A court in Myanmar has sentenced deposed civilian leader Aung San Suu Kyi to four years in prison on charges of incitement and breaking Covid-19 rules, in the first verdict against the Nobel Peace Prize winner since the military seized power in February.
Suu Kyi, 76, was Myanmar's state counselor and de facto leader of the country before she was ousted and detained by the military 10 months ago and hit with almost a dozen charges that add up to combined maximum sentences of more than 100 years.
They include several charges of corruption -- which each carry a maximum prison sentence of 15 years -- violating Covid-19 pandemic restrictions during the 2020 election campaign, incitement, illegally importing and possessing walkie talkies, and breaking the colonial-era Official Secrets Act -- which carries a maximum sentence of 14 years in prison.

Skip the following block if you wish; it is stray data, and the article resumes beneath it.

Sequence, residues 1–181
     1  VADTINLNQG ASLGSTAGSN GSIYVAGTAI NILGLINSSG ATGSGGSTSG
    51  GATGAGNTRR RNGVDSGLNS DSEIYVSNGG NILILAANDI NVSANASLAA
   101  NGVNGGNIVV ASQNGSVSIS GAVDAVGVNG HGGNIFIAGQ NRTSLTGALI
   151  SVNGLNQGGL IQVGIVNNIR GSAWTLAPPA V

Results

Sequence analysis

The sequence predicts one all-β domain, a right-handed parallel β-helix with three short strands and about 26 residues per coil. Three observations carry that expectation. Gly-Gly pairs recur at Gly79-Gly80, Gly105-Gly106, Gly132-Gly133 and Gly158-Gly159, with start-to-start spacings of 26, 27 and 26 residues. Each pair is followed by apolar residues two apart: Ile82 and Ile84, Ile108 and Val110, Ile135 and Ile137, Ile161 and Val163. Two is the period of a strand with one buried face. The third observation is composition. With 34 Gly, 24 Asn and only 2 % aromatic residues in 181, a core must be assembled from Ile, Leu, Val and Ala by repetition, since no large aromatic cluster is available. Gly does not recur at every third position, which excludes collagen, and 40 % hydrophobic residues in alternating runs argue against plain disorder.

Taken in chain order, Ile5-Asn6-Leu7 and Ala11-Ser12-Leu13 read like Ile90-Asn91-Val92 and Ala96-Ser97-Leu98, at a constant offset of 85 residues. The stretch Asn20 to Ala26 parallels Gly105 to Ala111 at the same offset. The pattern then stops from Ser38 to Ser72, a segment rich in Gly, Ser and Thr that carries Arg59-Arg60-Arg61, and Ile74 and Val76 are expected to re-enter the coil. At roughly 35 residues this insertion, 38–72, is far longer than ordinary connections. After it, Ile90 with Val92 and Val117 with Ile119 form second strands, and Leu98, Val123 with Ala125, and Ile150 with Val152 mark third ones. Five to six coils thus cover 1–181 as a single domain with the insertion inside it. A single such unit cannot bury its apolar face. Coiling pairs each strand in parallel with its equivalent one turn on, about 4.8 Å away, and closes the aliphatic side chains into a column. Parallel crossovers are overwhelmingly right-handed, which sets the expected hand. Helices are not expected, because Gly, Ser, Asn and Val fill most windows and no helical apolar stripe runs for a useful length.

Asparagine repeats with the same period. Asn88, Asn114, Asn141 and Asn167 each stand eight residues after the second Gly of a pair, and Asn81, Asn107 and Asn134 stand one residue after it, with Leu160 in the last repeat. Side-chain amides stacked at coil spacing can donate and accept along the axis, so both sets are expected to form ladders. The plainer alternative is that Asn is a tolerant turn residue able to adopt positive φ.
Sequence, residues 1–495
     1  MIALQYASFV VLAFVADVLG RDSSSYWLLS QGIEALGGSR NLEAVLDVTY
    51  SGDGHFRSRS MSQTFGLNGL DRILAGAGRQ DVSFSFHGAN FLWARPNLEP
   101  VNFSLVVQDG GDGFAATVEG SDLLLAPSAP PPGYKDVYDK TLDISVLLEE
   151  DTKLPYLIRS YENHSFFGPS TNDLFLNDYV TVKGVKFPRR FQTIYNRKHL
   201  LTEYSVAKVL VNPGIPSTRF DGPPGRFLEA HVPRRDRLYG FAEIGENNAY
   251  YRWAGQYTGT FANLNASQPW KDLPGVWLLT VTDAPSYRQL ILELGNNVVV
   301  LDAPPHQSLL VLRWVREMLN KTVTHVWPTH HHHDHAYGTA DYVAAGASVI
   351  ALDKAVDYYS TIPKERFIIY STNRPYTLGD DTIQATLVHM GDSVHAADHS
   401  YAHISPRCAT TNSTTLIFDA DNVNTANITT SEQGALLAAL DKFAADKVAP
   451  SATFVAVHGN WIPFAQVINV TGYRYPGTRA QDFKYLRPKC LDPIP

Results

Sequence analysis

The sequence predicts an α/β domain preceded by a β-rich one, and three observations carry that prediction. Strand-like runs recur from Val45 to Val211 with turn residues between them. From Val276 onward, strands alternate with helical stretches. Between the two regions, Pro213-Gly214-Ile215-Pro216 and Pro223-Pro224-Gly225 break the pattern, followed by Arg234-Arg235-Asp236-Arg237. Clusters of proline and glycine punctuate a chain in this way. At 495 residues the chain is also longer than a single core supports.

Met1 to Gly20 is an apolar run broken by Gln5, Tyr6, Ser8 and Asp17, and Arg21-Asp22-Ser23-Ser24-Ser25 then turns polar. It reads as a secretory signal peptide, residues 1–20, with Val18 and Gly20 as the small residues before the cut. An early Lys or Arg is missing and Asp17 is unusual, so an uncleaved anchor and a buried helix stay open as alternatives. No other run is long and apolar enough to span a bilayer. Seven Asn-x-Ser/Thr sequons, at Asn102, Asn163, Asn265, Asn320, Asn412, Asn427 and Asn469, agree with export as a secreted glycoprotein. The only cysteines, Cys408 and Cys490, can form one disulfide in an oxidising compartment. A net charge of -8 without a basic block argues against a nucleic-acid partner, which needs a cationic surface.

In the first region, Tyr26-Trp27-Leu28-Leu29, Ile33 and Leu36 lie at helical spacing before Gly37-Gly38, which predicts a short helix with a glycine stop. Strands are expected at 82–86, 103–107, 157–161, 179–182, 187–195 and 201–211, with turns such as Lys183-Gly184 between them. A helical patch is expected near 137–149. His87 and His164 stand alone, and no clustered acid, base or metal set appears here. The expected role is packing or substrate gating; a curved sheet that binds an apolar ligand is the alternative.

She has rejected all allegations and her supporters say the charges against her are political.
The Zabuthiri Court in the capital Naypyidaw on Monday sentenced Suu Kyi to two years in prison after being found guilty of incitement and two years after being found guilty of violating section 25 of Disaster Management Law, sources close to the trial told CNN.
Myanmar's deposed President Win Myint was also sentenced to four years in prison.